Never Another Lynching: The Crusade of Ida B. Wells

March 30, 2023

On March 9, 1892, the papers ran late in the city of Memphis, Tennessee. When they finally printed, they told the grotesque story of the previous night’s events in graphic detail.

At around 2:30 a.m. three Black men named Thomas Moss, Calvin McDowell and Will Stewart had been taken from their jail cells by approximately 75 masked white men, placed on a train north out of town and mercilessly gunned down by the mob.

“Everybody in town knew and loved Tommie,” wrote Ida B. Wells-Barnett in her autobiography, “Crusade for Justice.” “He and his wife Betty were the best friends I had in town. And he believed, with me, that we should defend the cause of right and fight wrong wherever we saw it.”


This tragedy, as told in “Crusade for Justice: the Autobiography of Ida B. Wells,” was the result of racial tensions in the neighborhood in which she lived, called the Curve, as the three men owned a grocery store named People’s Grocery, which competed with a White-owned store in the same area. The attack took place when Wells was out of town in Natchez, Mississippi, for a work assignment.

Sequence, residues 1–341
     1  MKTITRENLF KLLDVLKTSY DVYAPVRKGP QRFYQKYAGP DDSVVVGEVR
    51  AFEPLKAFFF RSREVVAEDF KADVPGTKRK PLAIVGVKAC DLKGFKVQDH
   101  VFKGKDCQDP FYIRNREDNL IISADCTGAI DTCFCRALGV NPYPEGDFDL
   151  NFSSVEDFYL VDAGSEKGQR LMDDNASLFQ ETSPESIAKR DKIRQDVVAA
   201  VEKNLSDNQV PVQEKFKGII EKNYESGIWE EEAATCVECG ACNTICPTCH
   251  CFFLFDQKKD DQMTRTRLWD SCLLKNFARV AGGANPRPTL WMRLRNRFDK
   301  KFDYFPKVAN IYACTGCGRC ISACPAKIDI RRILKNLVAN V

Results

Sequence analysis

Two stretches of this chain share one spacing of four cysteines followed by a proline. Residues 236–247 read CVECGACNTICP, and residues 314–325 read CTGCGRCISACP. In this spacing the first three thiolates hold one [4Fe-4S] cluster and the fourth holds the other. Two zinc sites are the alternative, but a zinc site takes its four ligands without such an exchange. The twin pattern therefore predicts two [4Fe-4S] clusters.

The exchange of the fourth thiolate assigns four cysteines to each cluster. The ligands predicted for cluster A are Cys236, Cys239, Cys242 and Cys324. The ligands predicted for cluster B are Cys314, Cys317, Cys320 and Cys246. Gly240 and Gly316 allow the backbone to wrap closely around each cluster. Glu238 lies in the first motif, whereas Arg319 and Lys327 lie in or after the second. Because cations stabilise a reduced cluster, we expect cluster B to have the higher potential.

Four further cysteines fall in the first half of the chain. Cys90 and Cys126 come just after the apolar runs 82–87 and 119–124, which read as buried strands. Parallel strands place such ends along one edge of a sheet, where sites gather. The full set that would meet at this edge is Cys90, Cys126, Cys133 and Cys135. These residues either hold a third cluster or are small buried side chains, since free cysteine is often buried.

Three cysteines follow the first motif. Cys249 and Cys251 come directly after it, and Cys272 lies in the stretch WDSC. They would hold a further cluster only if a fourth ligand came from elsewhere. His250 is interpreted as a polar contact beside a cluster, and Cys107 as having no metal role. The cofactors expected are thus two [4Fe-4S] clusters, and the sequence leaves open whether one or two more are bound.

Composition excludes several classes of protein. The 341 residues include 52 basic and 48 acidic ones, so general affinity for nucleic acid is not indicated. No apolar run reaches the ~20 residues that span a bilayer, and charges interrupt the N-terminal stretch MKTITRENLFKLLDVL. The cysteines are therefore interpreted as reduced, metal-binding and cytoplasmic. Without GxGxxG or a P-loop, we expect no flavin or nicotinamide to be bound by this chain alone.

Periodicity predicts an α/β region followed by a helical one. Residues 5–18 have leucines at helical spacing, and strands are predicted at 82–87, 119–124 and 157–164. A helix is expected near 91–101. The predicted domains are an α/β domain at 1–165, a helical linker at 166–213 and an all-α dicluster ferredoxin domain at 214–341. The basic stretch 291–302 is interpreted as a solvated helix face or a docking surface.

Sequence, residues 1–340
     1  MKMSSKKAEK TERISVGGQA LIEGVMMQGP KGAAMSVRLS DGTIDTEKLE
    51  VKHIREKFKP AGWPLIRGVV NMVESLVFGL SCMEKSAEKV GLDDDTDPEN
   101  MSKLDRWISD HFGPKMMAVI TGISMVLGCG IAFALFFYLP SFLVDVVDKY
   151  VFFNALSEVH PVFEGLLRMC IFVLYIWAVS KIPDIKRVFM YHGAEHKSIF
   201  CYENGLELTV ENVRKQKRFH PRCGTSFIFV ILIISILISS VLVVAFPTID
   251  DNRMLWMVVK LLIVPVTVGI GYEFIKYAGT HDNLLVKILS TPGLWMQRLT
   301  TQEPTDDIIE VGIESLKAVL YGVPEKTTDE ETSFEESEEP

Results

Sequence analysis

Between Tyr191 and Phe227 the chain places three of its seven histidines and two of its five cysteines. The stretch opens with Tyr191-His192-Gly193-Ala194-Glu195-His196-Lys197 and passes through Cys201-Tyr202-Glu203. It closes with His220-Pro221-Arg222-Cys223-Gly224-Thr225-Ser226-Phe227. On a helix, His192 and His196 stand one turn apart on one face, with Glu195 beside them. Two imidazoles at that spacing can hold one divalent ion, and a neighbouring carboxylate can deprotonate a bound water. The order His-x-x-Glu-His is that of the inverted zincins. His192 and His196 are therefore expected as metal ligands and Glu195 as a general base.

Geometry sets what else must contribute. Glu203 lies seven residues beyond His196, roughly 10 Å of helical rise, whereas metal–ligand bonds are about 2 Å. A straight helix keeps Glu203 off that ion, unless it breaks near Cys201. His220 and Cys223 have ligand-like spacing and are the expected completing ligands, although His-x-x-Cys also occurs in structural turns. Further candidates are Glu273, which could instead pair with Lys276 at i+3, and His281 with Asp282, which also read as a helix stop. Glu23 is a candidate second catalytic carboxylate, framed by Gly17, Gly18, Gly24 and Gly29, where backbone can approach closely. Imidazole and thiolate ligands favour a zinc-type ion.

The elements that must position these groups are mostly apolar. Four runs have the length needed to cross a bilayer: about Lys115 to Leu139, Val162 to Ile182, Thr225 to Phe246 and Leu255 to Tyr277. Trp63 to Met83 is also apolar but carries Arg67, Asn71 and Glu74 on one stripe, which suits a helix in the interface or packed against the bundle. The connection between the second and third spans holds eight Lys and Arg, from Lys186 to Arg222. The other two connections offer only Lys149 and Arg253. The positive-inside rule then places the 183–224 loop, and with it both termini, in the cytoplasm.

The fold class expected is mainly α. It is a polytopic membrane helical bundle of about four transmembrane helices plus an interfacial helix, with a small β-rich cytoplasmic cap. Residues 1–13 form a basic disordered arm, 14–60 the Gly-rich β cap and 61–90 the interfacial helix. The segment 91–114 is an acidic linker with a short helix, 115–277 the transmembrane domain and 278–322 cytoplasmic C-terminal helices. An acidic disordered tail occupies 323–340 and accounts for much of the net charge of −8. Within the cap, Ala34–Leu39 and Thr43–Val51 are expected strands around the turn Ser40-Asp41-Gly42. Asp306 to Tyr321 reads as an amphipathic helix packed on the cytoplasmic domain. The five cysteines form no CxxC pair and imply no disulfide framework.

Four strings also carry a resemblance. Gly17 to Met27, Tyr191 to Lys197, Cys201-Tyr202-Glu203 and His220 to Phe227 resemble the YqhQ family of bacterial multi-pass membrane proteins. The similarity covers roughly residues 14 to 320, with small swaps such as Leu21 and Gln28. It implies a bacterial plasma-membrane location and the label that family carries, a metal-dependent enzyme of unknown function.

“Free Speech,” the newspaper Wells edited for in Memphis, Tennessee, was published even later than the others following that fateful night. In it, a plea was printed directed to the Black community declaring the city of Memphis could not be trusted to defend the lives of Black people against White violence and calling for those who could to flee somewhere safer and keep from spending to save for the eventuality.